Postscript: Today I contacted my daughter’s former piano teacher and told her that I was ready to sign up for lessons. She helped me select a good quality keyboard, as I no longer own a piano.  As soon as it arrives, I’ll be taking lessons again.  Because, after all these years, it seems you’re never too old to start over.  😉


14 thoughts on “My Player Piano

  1. That’s exciting! Something to look forward to! Music makes us feel so alive. Helps us sit with our feelings, gives us access to creativity that we don’t get from other experiences in the same manner. Enjoy your lessons. Have fun with it. I would like to try my hand at knitting again. My crochet is pretty good, but I don’t remember enough about knitting to try on my own again. (Turn up the music today, love. We need it!)

  2. I’m using those same books to teach another little girl from my town! Funny to see them on someone else’s blog! Hope you are practicing, practicing!

    • Never too late, indeed! I found my old Thompson books from first and second grade level. What a thrill when I tried playing and somehow my fingers started remembers what notes to play. Amazing.

  3. My heart sang with joy when I saw this post. Oh I could tell you stories about my piano and the one I have now. My mum was brilliant but stopped short of her teacher’s requirement. I learned on her piano, which was my grandmother’s. I had that very same John Thompson’s book – seeing it almost made me weep happy tears and do a happy dance that you will soon be going to lessons. We will have to chat more about it. I recently found Lara’s Theme from Doctor Zhivago in an antique store. I used to play it so often… I have rediscovered ‘Somewhere my love’.

    I don’t play as often but when I do, it is the most joyous feeling in the world. I stopped at Grade 7 Royal School of Music. My teacher was horrific and too difficult. I was burnt out. In hindsight, I wish I had gone on. I later bought a book with my favorite pieces which had Bach’s Jesu Joy of Man’s Desiring and Pachelbel’s Cannon in D and taught myself to play again with the happiness I had once lost.

    I taught my daughter with John Thompson’s too. She is now learning Eine Kline Nacht Musik because I love Mozart, and I play Carmen so often, she is also learning it. Although I think Grieg’s In the Hall of the Mountain King from Ibsen’s Peer Gynt is her favorite.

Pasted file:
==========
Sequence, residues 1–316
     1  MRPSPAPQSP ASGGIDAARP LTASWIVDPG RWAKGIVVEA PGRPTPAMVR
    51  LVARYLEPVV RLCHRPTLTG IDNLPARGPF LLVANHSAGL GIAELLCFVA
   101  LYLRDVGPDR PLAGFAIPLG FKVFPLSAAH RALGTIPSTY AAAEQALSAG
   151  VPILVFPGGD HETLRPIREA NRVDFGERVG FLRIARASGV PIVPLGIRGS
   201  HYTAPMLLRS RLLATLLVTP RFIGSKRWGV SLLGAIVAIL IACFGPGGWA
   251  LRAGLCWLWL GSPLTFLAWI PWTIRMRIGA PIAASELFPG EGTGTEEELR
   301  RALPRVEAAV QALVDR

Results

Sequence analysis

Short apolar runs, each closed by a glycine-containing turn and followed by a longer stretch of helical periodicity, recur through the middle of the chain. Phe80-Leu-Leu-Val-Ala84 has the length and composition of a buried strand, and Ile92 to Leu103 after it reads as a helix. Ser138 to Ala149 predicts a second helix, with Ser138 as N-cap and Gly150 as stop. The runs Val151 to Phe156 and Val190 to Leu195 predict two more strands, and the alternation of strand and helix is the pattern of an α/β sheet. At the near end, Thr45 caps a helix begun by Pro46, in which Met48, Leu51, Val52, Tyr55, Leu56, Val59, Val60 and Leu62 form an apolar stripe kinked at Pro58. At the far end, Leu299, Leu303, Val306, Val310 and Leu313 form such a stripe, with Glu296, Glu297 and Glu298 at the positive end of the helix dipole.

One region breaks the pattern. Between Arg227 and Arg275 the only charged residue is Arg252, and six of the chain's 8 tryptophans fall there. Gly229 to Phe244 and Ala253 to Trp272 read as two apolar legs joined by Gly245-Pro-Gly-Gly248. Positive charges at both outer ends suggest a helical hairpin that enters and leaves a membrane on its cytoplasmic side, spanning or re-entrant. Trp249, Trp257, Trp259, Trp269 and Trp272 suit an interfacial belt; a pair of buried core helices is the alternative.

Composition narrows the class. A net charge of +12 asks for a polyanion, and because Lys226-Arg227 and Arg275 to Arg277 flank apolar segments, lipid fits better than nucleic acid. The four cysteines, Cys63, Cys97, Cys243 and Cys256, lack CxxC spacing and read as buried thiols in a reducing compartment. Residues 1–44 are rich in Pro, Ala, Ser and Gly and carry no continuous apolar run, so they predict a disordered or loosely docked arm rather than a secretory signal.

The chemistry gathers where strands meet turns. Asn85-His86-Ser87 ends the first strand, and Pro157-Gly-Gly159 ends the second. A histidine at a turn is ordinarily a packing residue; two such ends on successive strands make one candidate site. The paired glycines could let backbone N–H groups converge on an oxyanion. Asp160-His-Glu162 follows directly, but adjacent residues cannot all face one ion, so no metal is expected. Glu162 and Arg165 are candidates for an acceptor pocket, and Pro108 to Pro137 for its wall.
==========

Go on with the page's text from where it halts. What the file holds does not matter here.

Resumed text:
• MM, it sounds like you were much more advanced than me. I would love to have heard you play. I was a total connoisseur of any of my friends who could play. My best friend, Lynn, was fantastic and every time I’d go to her house, I’d ask her to play all my favorites–from Hayden to Elton John. And happily, she’d oblige me! Those were the days. Before smartphones, we’d actually do things like this!

  4. You are never too old to learn anything new I was once told. Go and enjoy the keyboard Monica.

    I used to play the piano, the only snag was I played the right notes but in the wrong order!!!

    When I was young I wanted to learn to play the bagpipes, much to the relief of my parents I never did!!

    • The bagpipes! Oh goodness, what that would’ve sounded like thank goodness we’ll never know. The piano is fabulous. I wish more kids would pull themselves away from the video games and learn to play a musical instrument. What a feeling of accomplishment it brings!

  5. Brava, Monica!! One is NEVER too old for music lessons. I, too, played piano as a kid. In fact, I even took some lessons in college, thinking I wanted to major in music. But when I learned I’d have to perform solo, on a stage, from memory, before a panel of judges to get my grade, I shrank in terror! And, while we still have a piano, sadly it sits generally untouched. Even Domer won’t play it when he comes home. And to think how much enjoyment it used to give me — well, who knows? Maybe one day I’ll get back to it, too!

  6. My experience with the piano seems to mirror yours. I loved to play as a kid but college and being poor post-college prevented me from having a piano and playing regularly for probably 15 years. I just got back into the last few years and have enjoyed it immensely.

    • My new piano keyboard arrived yesterday and the stand today. I was able to set it up, plug it in and gather my old music books, some of which seem on the verge of coming apart at the binding. But much to my surprise, as I played a few of the old pieces, it all started coming back to me. I can’t wait to start my lessons in the next couple of weeks. I felt such joy tonight feeling my fingers hitting the right notes, most of the time. Bliss.